Here’s how this works. Assume we have this sub-expression somewhere:

8 * 9 * 10

  ^
  |

The arrow marks where the compute_expr call is, having entered the while loop. prec is 2. Since the associativity of * is left, next_min_prec is set to 3. The recursive call to compute_expr(3), after consuming an atom, sees the next * token:

8 * 9 * 10

      ^
      |

Since the precedence of * is 2, while min_prec is 3, the while loop never runs and the call returns. So the original compute_expr will get to handle the second multiplication, not the internal call. Essentially, this means that the expression is grouped as follows:

(8 * 9) * 10

Which is exactly what we want from left associativity.

In contrast, for this expression:

8 ^ 9 ^ 10

The precedence of ^ is 3, and since it’s right associative, the min_prec for the recursive call stays 3. This will mean that the recursive call will consume the next ^ operator before returning to the original compute_expr, grouping the expression as follows:

8 ^ (9 ^ 10)

Handling sub-expressions

The algorithm pseudo-code presented above doesn’t explain how parenthesized sub-expressions are handled. Consider this expression:

2000 * (4 - 3) / 100

It’s not clear how the while loop can handle this. The answer is compute_atom. When it sees a left paren, it knows that a sub-expression will follow, so it calls compute_expr on the sub expression (which lasts until the matching right paren), and returns its result as the result of the atom. So compute_expr is oblivious to the existence of sub-expressions.

Finally, in order to stay short the pseudo-code leaves some interesting details out. What follows is a full implementation of the algorithm that fills all the gaps.

A Python implementation

Here is a Python implementation of expression parsing by precedence climbing. It’s kept short for simplicity, but can be be easily expanded to cover a more real-world language of expressions. The following sections present the code in small chunks. The whole code is available here.

I’ll start with a small tokenizer class that breaks text into tokens and keeps a state. The grammar is very simple: numeric expressions, the basic arithmetic operators +, -, *, /, ^ and parens – (, ).

Tok = namedtuple('Tok', 'name value')


class Tokenizer(object):
    """ Simple tokenizer object. The cur_token attribute holds the current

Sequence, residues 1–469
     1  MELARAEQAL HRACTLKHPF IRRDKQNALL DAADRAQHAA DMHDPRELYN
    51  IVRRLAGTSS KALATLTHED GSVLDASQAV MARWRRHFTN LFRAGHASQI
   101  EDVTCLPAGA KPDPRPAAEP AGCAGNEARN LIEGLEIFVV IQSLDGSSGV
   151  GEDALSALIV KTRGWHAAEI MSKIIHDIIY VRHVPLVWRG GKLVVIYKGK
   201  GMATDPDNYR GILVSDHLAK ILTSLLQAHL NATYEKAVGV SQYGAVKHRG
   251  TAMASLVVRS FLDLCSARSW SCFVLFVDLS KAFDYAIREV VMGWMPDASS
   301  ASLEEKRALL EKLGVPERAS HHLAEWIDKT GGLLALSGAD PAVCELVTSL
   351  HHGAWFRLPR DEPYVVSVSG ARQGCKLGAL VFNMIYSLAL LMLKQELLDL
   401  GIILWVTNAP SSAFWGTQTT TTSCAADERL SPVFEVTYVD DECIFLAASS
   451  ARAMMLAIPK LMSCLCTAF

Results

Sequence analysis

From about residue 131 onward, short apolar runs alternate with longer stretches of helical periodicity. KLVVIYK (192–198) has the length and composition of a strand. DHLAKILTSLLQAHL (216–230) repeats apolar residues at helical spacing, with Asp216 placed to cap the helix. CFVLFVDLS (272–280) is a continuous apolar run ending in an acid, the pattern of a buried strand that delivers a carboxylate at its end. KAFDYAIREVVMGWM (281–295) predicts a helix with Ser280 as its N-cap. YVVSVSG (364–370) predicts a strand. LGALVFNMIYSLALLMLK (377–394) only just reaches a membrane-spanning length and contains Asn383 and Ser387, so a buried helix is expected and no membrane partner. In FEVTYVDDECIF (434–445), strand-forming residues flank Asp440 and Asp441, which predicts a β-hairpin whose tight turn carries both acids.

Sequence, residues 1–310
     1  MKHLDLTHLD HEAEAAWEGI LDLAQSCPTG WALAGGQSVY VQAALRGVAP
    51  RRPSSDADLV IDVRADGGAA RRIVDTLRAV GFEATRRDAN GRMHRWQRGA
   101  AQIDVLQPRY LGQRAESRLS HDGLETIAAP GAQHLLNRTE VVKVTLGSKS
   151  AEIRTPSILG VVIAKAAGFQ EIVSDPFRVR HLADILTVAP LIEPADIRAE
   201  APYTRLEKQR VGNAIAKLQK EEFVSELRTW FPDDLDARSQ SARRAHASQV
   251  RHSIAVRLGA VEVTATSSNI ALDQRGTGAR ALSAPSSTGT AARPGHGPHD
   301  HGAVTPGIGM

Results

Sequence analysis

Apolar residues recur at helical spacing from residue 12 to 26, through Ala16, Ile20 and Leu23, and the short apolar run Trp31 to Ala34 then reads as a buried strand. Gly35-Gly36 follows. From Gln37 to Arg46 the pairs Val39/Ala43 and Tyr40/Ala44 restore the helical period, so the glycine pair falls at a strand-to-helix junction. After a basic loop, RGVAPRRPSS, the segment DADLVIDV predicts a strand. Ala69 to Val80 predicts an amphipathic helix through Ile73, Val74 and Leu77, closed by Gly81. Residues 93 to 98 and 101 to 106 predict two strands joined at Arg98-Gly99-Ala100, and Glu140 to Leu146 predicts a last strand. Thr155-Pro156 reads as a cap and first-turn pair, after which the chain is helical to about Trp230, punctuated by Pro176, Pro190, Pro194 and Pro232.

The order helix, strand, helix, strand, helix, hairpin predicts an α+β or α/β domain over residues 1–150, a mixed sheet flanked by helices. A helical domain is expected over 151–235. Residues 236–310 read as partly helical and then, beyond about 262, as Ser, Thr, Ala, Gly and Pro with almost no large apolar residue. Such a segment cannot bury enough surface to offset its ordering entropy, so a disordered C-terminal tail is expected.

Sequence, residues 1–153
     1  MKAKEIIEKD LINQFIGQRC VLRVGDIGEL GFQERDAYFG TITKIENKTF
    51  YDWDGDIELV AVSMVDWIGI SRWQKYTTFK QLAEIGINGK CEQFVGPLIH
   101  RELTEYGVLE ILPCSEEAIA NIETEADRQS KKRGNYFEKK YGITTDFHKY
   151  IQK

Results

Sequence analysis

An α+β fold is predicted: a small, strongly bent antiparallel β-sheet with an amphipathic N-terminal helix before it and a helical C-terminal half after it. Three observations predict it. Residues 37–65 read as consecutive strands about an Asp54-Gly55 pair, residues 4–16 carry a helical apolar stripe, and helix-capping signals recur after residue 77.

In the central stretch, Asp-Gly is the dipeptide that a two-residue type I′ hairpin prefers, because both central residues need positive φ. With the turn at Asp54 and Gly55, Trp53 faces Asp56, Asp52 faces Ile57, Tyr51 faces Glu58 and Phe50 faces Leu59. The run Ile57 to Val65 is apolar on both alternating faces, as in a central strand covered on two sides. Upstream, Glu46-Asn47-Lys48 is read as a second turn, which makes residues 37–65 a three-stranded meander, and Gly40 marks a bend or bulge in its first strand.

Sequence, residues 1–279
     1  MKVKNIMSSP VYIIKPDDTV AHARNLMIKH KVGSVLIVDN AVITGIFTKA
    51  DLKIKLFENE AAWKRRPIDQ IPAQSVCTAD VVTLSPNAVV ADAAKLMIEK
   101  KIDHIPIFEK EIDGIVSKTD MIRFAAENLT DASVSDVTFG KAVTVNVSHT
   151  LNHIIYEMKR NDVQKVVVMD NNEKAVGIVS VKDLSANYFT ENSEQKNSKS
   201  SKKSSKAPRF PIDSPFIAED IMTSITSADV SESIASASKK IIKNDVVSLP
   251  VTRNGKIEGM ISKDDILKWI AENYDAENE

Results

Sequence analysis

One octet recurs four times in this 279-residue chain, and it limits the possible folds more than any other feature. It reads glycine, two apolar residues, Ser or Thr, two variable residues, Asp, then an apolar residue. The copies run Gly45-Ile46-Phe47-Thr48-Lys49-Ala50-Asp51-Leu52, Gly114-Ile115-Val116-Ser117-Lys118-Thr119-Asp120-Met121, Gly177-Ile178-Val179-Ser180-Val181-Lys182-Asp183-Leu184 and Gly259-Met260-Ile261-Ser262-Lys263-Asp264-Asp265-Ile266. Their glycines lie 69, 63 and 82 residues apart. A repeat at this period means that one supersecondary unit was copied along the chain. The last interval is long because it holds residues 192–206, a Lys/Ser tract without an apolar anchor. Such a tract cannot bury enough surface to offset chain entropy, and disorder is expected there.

token (Tok). Call get_next_token() to advance to the
        next token. cur_token is None before the first token is
        taken and after the source ends.
    """
    TOKPATTERN = re.compile("\s*(?:(\d+)|(.))")

    def __init__(self, source):
        self._tokgen = self._gen_tokens(source)
        self.cur_token = None

    def get_next_token(self):
        """ Advance to the next token, and return it.
        """
        try:
            self.cur_token = self._tokgen.next()
        except StopIteration:
            self.cur_token = None
        return self.cur_token

    def _gen_tokens(self, source):
        for number, operator in self.TOKPATTERN.findall(source):
            if number:
                yield Tok('NUMBER', number)
            elif operator == '(':
                yield Tok('LEFTPAREN', '(')
            elif operator == ')':
                yield Tok('RIGHTPAREN', ')')
            else:
                yield Tok('BINOP', operator)

Next, compute_atom:

def compute_atom(tokenizer):
    tok = tokenizer.cur_token
    if tok.name == 'LEFTPAREN':
        tokenizer.get_next_token()
        val = compute_expr(tokenizer, 1)
        if tokenizer.cur_token.name != 'RIGHTPAREN':
            parse_error('unmatched "("')
        tokenizer.get_next_token()
        return val
    elif tok is None:
            parse_error('source ended unexpectedly')
    elif tok.name == 'BINOP':
        parse_error('expected an atom, not an operator "%s"' % tok.value)
    else:
        assert tok.name == 'NUMBER'
        tokenizer.get_next_token()
        return int(tok.value)

It handles true atoms (numbers in our case), as well as parenthesized sub-expressions.

Here is compute_expr itself, which is very close to the pseudo-code shown above:

# For each operator, a (precedence, associativity) pair.
OpInfo = namedtuple('OpInfo', 'prec assoc')

OPINFO_MAP = {
    '+':    OpInfo(1, 'LEFT'),
    '-':    OpInfo(1, 'LEFT'),
    '*':    OpInfo(2, 'LEFT'),
    '/':    OpInfo(2, 'LEFT'),
    '^':    OpInfo(3, 'RIGHT'),
}

def compute_expr(tokenizer, min_prec):
    atom_lhs = compute_atom(tokenizer)

    while True:
        cur = tokenizer.cur_token
        if (cur is None or cur.name != 'BINOP'
                        or OPINFO_MAP[cur.value].prec < min_prec):
            break

        # Inside this loop the current token is a binary operator
        assert cur.name == 'BINOP'

        # Get the operator's precedence and associativity, and compute a
        # minimal precedence for the recursive call
        op = cur.value
        prec, assoc = OPINFO_MAP[op]
        next_min_prec = prec + 1 if assoc == 'LEFT' else prec

        # Consume the current token and prepare the next one for the
        # recursive call
        tokenizer.get_next_token()
        atom_rhs = compute_expr(tokenizer, next_min_prec)

        # Update lhs with the new value
        atom_lhs = compute_op(op, atom_lhs, atom_rhs)

    return atom_lhs

The only difference is that this code makes token handling more explicit. It basically follows the usual "recursive-descent protocol". Each recursive call has the current token available in tokenizer.cur_tok, and makes sure to consume all the tokens it has handled (by calling tokenizer.get_next_token()).

One additional small piece is missing. compute_op simply performs the arithmetic computation for the supported binary operators:

def compute_op(op, lhs, rhs):